Israel-Gaza Strip Clash Reaches Suffolk Students

Aamina Guidri

The conflict between Israel and Gaza has affected many Suffolk students who are personally connected with this issue through friends and family. This conflict has been going on for years, with brutal violence from explosions in restaurants to rockets being fired into cities, killing many innocent civilians.

Suffolk student Angie Moussa, an Egyptian-American studying international relations, is saddened that the conflict is still an ongoing issue that seems to not be getting any better.

“I think it is sad that the conflict is still going on after all these years and I believe that more peace talks need to occur as they have been at a virtual standstill over the past few years,” said Moussa. While she does not know anyone personally residing in Gaza or Israel, she still feels that the conflict is not getting better and more peaceful solutions are not being used to solve this problem.

Another Suffolk student ,Roy-Ben Joseph, is an Israeli citizen with family residing in Israel. Joseph finds that he is also very sad and feels terrible that this conflict is not getting better. He claims that he “lives in fear for my family.” It is a constant worry for him to deal with his immediate family witnessing bus explosions, and even having rockets fired at them in southern Israel. The effect is tremendous and reflective of how seriously the conflict between Gaza and Israel is affecting people.

Unfortunately, as brutal as this war is, Suffolk students do not seem to think it will get any better.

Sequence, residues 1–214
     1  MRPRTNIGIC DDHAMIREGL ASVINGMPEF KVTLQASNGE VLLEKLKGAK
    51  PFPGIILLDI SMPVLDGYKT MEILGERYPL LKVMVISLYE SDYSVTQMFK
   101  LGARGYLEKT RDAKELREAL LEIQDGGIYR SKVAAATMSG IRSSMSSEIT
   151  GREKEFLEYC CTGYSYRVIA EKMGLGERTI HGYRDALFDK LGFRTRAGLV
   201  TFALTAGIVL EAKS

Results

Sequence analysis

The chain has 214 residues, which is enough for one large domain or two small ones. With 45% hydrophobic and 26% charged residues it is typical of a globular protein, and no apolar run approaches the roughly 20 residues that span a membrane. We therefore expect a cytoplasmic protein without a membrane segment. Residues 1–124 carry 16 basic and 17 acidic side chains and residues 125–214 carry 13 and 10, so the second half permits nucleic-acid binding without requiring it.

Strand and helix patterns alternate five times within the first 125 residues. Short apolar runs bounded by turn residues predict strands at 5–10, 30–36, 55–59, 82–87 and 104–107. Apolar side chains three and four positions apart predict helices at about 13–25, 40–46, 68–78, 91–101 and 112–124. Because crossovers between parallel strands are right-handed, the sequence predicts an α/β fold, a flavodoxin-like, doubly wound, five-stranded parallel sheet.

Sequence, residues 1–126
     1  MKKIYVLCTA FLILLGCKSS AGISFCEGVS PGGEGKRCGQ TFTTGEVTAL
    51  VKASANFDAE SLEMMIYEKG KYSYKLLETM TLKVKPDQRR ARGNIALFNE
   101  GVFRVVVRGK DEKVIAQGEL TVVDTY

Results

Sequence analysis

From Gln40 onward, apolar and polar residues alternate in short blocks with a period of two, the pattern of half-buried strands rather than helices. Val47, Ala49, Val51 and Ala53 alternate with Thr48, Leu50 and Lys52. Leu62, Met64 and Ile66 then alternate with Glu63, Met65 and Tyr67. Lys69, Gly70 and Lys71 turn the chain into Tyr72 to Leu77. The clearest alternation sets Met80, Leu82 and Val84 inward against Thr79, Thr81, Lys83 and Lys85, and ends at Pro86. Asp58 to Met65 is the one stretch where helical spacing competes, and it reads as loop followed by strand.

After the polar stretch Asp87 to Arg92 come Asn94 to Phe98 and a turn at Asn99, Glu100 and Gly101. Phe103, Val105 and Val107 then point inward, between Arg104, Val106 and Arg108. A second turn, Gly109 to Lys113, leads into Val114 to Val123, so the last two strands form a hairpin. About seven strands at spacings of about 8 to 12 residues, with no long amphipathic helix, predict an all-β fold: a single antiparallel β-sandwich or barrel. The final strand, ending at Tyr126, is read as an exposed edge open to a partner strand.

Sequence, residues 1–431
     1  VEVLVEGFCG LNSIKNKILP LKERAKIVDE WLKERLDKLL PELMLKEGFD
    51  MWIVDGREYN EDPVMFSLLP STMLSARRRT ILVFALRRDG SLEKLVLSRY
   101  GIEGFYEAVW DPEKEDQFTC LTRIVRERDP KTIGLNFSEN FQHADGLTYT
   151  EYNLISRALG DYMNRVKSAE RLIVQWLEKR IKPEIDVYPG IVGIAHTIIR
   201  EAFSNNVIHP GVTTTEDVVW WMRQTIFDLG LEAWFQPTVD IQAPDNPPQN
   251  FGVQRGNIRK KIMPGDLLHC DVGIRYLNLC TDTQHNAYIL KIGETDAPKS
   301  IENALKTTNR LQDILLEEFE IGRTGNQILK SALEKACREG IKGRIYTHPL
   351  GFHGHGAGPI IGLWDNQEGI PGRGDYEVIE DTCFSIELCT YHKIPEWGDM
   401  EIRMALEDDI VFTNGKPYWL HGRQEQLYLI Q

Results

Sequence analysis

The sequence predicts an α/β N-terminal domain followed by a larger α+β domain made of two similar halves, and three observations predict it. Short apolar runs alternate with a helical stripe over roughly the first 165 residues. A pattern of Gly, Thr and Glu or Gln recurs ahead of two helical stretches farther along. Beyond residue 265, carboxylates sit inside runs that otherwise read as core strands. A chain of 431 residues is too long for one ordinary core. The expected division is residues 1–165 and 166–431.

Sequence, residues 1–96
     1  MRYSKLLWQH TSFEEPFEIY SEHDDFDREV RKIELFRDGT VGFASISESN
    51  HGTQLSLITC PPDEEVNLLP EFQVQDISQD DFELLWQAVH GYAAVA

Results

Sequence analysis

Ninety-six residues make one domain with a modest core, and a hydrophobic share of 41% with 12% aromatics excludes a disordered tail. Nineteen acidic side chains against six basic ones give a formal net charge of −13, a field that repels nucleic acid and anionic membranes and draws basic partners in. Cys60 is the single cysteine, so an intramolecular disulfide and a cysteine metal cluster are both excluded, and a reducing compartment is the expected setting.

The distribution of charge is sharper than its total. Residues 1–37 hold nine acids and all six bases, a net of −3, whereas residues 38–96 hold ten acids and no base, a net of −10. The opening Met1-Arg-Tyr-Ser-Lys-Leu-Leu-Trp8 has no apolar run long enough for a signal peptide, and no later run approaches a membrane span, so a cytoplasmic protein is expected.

“I don’t know if a real solution will ever be found that pleases both sides,” said Moussa. Another reason why this conflict may not be over in the near future is that with the violence occurring again at this stage in their relations, it seems that this continuous conflict is only getting worse.

“It’s only going to cause more tension and bloodshed, and cause the relationship to deteriorate even further,” said Moussa. Joseph believes that this conflict will not get better as long as Palestine supports the Hamas, a terrorist group and governing party in the Palestinian territory of the Gaza Strip, which is responsible for many violent attacks. He also claims that if Abu Mazen, the Chairman of the Palestine Liberation Organization, is elected, negotiations can begin and may be a possible solution to the problem.

Another important factor that has great impact on the conflict of late is Egypt’s influence. Moussa believes that Egypt has a positive impact on this conflict and is a neutralizer.

“Egypt is helping the conflict because the country helped facilitate the cease-fire that was eventually reached and that stopped the fighting,” said Moussa

Joseph also shares this same opinion that Egypt can help the situation, adding that “Egypt’s involvement is a blessing.” However, he does not feel that the relationship between Egypt and Israel is as good as it used to be due to their former president, Hosni Mubarak, being taken out of office. Also, Moussa does not agree that Egypt’s involvement will help both Gaza and Israel equally, stating, “I don’t think a certain region will benefit more than another because Egypt is trying to be relatively neutral and play a diplomatic role.”

Essentially, it is very apparent that this prolonged conflict has impacted many Suffolk students greatly. While there is still hope that this conflict will be resolved, there is still the fearful feeling that this war will continue for a long time and cause more pain for families and friends impacted by the war.